The distance between the generation of Wordsworth and Coleridge and that of Byron and Shelley is not less - it is even probably greater - than that which divides Keats from Tennyson, and he is more the last of that great school than the first of any new one.
Reynolds, the friend of Keats.
The colouring is that of classic mythology, but the spiritual element is as individual as that of any classical poem by Milton, Gray, Keats or Tennyson.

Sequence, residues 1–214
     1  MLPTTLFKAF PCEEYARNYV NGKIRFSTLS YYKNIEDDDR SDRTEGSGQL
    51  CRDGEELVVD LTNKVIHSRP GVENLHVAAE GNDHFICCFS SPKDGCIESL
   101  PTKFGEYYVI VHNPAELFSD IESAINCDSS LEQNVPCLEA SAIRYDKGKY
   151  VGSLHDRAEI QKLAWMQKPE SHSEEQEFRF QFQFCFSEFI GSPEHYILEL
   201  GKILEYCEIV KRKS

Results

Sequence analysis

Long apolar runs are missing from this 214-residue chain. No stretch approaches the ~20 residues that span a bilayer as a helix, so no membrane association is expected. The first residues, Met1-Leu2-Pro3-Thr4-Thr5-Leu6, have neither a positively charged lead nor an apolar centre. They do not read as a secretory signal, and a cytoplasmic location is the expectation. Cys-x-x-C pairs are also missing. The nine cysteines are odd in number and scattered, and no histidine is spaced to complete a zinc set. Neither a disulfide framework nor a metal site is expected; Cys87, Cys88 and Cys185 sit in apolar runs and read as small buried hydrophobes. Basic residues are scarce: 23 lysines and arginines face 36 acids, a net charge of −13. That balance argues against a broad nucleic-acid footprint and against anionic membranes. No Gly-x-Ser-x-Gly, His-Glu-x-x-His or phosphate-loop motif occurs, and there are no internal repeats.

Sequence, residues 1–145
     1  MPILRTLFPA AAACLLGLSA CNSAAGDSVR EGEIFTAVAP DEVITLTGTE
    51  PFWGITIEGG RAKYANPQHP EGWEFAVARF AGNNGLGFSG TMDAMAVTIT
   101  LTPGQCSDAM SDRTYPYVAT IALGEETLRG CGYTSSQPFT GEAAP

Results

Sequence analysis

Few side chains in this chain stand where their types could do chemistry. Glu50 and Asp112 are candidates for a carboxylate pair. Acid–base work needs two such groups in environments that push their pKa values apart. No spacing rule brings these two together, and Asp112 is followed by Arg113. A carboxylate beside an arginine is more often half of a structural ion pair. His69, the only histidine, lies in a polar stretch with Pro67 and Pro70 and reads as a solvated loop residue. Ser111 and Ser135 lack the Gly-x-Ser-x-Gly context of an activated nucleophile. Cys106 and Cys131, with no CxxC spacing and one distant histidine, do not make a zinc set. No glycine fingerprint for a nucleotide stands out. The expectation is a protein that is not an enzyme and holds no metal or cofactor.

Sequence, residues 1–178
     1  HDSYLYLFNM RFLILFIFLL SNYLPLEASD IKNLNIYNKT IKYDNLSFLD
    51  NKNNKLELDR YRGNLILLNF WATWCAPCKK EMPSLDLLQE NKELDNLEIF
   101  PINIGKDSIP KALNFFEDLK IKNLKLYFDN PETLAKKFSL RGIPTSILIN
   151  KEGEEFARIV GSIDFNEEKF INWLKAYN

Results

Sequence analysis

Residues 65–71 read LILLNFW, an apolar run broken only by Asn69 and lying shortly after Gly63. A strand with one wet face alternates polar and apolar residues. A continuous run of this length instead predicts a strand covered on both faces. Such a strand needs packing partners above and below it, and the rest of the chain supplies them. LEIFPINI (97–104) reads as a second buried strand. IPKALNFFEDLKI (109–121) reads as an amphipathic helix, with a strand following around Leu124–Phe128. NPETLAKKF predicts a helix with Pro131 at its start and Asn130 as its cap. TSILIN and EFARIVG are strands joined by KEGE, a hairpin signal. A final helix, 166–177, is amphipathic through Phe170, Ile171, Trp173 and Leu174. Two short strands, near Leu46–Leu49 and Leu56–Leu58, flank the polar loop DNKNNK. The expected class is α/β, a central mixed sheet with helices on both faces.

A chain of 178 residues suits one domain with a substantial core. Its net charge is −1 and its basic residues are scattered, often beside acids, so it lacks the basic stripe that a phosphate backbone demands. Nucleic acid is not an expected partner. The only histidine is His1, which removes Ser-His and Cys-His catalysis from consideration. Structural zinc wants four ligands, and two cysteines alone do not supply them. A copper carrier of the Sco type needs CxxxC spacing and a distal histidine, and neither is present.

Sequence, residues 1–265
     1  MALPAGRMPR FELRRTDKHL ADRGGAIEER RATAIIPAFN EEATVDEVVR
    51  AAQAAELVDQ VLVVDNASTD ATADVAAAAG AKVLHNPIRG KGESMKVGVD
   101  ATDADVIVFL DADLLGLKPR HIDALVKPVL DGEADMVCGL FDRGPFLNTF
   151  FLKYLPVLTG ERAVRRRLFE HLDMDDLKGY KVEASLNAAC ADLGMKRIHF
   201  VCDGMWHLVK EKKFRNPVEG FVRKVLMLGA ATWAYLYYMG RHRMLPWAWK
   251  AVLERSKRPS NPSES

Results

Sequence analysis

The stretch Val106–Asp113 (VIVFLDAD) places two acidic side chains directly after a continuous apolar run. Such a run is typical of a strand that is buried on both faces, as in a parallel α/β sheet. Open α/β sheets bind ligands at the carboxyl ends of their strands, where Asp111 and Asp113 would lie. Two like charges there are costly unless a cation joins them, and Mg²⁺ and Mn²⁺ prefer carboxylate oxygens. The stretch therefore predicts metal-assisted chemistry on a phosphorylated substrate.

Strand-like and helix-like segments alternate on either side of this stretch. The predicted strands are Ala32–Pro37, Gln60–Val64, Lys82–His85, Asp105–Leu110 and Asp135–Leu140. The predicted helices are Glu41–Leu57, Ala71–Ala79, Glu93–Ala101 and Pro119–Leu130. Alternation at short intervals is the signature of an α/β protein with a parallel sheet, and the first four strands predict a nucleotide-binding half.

This superstition has been immortalized in Keats's poem, "The Eve of St Agnes."
But the essential narrowness and timidity of his general outlook prevented him from detecting and estimating latent forces, either in politics or in matters strictly intellectual and moral; and this lack of understanding and sympathy accounts for his distrust and dislike of the passion and fancy of Shelley and Keats, and for his praise of the half-hearted and elegant romanticism of Rogers and Campbell.